“I’m a big fan of racing games, but rarely am I any good at them. Mario Kart 8Deluxe is the racing game that I’ve sunk a sizable amount of time into, but otherwise my most played racers are likely Horizon Chase Turbo and Episode I Racer. You may notice, these racers are all from the mid-90s forward. The 8-bit generation of consoles aren’t known for their racing games, and the pool of above average to excellent ones shrinks even more when we move over to the monochromatic Game Boy. Let’s shrink the pool even more and get official licensing in the mix.
Jeep Jamboree: Off Road Adventure is a 1992 release from Gremlin Interactive. The game is… incredibly average. The graphics are totally acceptable, but the frame-rate is about what you would expect for a 1st-person racer on the handheld (though it’s certainly not the worst frame-rate for this style of game). The controls are a little wonky, but there’s also a good number of things to like about the game.
The races themselves are pretty short, perfect for racing on the go. There’s also a decent amount of variations and options in the game itself, from full seasons with a variety of difficulties to practices and 2 player sessions.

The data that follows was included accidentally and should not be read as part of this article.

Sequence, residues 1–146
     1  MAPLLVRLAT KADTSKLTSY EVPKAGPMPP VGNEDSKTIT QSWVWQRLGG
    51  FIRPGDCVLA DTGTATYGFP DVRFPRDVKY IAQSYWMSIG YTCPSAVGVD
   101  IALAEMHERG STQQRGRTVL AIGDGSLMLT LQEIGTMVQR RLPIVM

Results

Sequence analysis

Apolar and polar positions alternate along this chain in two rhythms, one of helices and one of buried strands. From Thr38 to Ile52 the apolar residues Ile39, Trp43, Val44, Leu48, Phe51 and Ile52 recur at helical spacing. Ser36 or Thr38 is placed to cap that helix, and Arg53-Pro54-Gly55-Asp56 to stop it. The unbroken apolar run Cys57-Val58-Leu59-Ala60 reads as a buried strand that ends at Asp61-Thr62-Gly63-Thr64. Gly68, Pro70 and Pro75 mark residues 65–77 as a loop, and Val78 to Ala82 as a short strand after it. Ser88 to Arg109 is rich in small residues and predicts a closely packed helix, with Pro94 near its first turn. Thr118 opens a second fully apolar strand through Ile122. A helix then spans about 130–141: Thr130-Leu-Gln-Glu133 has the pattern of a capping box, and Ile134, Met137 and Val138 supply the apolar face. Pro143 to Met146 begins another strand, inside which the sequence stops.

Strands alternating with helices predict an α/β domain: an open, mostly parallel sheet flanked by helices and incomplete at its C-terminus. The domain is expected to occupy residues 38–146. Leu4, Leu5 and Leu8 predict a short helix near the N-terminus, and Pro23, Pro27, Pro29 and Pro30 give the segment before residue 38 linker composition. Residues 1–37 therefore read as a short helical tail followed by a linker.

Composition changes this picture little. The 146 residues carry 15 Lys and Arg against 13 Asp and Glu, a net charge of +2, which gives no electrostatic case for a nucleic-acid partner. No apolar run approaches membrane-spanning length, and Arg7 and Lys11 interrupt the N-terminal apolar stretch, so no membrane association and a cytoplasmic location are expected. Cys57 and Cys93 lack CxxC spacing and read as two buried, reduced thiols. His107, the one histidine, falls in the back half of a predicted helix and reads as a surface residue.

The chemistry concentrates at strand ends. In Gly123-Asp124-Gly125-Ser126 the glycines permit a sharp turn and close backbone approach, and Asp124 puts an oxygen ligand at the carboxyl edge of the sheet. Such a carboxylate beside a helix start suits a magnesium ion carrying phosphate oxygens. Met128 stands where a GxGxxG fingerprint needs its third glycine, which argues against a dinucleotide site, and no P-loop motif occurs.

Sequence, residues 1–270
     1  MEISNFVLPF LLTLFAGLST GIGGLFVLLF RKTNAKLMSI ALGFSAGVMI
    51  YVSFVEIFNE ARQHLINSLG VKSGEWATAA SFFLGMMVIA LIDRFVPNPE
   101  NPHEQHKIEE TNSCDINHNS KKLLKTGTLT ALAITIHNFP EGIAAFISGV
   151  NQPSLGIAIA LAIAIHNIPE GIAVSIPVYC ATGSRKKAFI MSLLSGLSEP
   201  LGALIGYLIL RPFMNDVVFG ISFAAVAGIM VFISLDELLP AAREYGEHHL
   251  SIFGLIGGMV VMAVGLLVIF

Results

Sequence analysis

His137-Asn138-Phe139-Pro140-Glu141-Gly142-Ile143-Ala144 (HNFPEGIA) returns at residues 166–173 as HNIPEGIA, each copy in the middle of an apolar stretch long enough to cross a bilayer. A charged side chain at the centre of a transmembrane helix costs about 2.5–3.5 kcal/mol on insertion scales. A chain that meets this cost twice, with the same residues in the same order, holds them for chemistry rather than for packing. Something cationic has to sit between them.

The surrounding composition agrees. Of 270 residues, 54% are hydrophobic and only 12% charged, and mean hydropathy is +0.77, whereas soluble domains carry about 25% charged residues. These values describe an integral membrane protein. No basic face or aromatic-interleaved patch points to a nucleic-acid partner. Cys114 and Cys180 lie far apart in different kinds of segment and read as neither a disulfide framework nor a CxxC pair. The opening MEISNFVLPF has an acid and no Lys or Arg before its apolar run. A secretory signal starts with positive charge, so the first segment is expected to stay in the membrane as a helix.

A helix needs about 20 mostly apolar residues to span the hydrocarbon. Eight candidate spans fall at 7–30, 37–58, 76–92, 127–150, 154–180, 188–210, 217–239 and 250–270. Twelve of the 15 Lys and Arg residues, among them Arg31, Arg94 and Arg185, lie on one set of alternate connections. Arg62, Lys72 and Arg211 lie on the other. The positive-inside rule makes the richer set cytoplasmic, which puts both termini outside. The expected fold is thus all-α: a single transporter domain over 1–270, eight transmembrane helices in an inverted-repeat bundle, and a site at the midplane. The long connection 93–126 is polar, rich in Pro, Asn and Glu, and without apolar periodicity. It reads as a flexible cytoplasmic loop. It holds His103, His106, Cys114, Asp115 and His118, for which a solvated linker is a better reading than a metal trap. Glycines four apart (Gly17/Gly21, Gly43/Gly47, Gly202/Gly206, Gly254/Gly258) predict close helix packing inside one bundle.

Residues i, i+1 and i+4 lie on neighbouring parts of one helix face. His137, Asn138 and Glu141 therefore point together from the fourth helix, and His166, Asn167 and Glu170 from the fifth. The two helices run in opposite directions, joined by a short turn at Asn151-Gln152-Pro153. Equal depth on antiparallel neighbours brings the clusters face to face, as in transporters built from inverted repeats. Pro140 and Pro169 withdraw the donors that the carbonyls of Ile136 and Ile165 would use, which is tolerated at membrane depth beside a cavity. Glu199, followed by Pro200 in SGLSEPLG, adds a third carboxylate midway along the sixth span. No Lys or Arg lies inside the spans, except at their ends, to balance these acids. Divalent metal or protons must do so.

To some degree, these sorts of games are perfect for Yokoi Kids. There’s plenty of hidden gems and plenty of garbage, but the Game Boy thrives on those games that made up our collection as kids- those games that were completely fine, but we kept playing because they were what we had. Aside from birthdays or gifts of the holiday season, we needed to cling to the games that made up our small collections.”
Thanks D’arcy! I’m looking forward to this. I like simple racing games a lot. For instance, I genuinely enjoy F-1 Race on the Game Boy as well. OK folks! ZOOM ZOOM IN THE NEW YEAR. -IF
HO HO HO! I’m imitating a Santaman because it is December! The year is over! What did we do besides play Game Boy? Well, I made homemade pizza yesterday, so there’s that.
This month’s game is Tiny Toon Adventures: Babs’ Big Break!